Review Detail3.9 14
Everyone always tells me I will grow out of my lack of interest in children, which, though I doubt it, is technically possible. Even if I do, though, I will never look on pregnancy as anything which I would desire to experience, so, understandably, the first sentence completely horrified me: "I'm sixteen. Pregnant. And the most important person on the planet." Good lord, save me (only not in Harmony's way either). A world where a teen girl would have to choose between not going to college, pregnancy and a religious commune, which means babies anyway, is completely not okay.
The first half or so of the book I mostly hated. Melody and Harmony's narration was filled with their weird programming, all yay babies or Jesus, which is so not my thing. Then, as they learn more about the world, they start growing into real people with thoughts and opinions. Plus, I always liked Zen. There are some hilarious puns, even if they are baby-centered, such as a RePro doing some "pro boner work" (151). The description of the library made me sad, but at least it still existed. The book also had some great quotes; I share below two of my favorites, one from each twin.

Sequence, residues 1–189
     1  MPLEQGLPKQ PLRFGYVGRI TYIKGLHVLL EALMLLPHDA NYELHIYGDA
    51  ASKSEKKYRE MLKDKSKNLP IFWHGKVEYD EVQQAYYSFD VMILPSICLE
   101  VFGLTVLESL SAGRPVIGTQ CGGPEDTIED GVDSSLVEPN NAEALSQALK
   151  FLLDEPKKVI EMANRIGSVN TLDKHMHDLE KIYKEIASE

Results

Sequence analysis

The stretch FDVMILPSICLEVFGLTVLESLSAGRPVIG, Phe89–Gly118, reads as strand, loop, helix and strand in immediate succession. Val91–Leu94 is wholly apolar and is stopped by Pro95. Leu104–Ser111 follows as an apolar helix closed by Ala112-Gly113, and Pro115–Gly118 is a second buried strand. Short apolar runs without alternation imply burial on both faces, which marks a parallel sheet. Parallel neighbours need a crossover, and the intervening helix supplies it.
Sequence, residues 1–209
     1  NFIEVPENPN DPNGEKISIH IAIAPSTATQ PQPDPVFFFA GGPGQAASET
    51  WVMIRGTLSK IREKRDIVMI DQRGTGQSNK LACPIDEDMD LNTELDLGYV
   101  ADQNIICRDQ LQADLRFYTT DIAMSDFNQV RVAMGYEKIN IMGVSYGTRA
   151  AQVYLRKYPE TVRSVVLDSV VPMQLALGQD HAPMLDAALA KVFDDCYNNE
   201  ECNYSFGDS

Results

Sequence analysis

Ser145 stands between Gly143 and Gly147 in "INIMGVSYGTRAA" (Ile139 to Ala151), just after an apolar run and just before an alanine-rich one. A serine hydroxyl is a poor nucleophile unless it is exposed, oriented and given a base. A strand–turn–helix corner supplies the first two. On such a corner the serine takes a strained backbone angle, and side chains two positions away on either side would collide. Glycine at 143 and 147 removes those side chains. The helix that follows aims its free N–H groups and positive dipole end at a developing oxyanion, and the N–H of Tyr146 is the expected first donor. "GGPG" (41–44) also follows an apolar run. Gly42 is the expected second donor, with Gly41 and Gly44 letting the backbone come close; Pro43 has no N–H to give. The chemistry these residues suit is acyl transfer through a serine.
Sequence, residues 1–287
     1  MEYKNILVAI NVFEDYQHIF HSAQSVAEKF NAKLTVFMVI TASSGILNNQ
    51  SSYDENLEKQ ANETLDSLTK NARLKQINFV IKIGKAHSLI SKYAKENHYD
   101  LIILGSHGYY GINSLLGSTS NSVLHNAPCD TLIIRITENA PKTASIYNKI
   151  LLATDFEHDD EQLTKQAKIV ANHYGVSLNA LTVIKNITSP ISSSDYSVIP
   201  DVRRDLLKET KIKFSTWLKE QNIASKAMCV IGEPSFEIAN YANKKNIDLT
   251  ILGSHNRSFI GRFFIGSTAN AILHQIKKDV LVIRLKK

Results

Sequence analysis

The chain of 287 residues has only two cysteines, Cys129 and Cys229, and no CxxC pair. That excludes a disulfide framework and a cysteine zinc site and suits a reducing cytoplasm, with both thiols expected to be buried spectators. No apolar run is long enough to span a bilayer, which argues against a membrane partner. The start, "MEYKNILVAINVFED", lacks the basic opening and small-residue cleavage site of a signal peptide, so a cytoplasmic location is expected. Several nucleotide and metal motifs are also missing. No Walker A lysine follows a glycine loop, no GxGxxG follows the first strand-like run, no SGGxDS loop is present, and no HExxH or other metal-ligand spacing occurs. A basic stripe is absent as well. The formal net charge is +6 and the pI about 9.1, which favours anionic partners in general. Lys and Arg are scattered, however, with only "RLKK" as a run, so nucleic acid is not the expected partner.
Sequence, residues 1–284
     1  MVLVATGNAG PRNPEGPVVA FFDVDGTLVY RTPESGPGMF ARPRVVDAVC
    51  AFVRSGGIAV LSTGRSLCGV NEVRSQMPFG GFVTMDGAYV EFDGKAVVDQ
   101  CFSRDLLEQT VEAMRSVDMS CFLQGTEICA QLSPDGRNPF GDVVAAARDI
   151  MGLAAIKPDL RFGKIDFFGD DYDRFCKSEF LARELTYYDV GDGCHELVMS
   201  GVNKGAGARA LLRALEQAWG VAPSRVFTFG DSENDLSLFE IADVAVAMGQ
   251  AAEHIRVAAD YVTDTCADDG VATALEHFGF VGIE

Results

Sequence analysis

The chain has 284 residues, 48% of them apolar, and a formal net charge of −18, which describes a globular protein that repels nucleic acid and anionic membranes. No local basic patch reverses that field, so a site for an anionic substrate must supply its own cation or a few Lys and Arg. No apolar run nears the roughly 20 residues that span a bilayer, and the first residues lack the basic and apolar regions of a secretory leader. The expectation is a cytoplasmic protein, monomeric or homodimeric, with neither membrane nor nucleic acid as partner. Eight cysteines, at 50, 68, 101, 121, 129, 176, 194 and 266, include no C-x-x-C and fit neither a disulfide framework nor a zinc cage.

Harmony: "I also know that you can find a verse to support just about any argument, and another verse to shut it down. If it's all the word of God, how can we simply ignore the parts that don't fit our beliefs?" (182)
Melody: "All of our ancestors, and all of our descendants, are coming together to celebrate this kiss, to clap and fist-pump and foot-stomp and shout out loud to the universe YES! YES! A million billion years of YESSSS!" (236)
After an unfortunate start, this turned out to be a really interesting read. I am actually glad this time that I did not look further into the plot, or I would have missed this surprisingly good read.